Reels and roars from the American underbelly by Bowden (The Secret Forest, 1993, etc.), a veteran at engaging with misery.
The author is working with two fiercely different themes: the vileness that humans visit upon each other; and the nests in which they live, both their homeplaces and the greater earth beyond. Bowden also comes as two: a disembodied shadow-narrator of events and a thirsty, lusty man yearning for love, food, outside air, mesquite, a swarming of sensations. His subjects range from gated communities to child pornography, from the deaths of friends, abrupt and shattering or slow and wasting, to the deathwatch of days as they pass before the passing of a friend. Tension animates his narrative; there is a sinister ping in his voice, resonant and evocative and condemnatory, but he may also show you the escape route. As a newspaperman, Bowden walked the blood beat: eviscerations and disembowelings, rapes and beatings, child pornography ending in murder. From this he emerged drained, though not embalmed; he is a walking open wound, holding up human cannibalism for all to see. No hiding. Yet in these linked but self-contained chapters, he also reminds readers of the nation’s once powerful labor tradition, now so starved and neglected that union gatherings are dwarfed by their convention halls. The author expresses genuine ambivalence about capital punishment, though he doesn’t let himself or the reader off the hook that easily: he attends and describes an execution. Bowden can also, let it be known, write engagingly about preparing a meal and riff with delicate humor about a wallet painted with a revolutionary’s image: “Che Guevara, Capitalist Tool. Consumed, devoured, recycled, commodified—wow, have we got the words. Retro. A language of cannibalism.”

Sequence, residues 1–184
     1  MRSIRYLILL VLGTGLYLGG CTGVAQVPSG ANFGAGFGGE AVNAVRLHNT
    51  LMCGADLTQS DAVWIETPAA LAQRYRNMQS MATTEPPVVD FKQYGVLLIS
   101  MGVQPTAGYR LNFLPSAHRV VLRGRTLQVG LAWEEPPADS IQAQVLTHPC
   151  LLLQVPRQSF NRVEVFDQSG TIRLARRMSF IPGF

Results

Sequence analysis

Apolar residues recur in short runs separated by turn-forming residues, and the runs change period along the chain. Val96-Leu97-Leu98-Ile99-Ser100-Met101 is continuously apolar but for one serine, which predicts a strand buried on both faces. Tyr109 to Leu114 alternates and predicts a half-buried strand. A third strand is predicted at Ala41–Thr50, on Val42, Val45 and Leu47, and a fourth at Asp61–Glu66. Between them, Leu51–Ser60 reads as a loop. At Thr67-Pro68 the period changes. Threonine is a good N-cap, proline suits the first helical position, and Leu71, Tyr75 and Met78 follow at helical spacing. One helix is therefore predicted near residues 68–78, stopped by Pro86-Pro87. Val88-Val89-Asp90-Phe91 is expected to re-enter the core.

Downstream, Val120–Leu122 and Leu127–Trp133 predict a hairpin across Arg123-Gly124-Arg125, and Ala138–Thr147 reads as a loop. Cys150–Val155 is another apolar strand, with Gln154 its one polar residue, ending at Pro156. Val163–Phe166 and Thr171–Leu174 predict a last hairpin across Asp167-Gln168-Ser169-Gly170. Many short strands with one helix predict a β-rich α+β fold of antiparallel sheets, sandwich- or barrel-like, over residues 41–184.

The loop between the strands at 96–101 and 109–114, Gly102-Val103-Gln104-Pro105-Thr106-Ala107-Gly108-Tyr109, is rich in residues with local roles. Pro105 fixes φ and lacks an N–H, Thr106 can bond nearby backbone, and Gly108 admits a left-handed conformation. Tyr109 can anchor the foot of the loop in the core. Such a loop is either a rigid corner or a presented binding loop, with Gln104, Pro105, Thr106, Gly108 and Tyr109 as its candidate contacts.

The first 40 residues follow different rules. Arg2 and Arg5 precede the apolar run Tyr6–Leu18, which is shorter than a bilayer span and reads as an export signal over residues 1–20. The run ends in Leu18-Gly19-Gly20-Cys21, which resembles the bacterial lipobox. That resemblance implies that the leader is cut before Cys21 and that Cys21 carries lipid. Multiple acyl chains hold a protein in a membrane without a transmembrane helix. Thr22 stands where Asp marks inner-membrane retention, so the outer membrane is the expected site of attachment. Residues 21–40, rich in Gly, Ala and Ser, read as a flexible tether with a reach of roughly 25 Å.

Bowden spins a fine, grim tale as he digs for a life of the senses: monstrous, beautiful, but always in plain sight.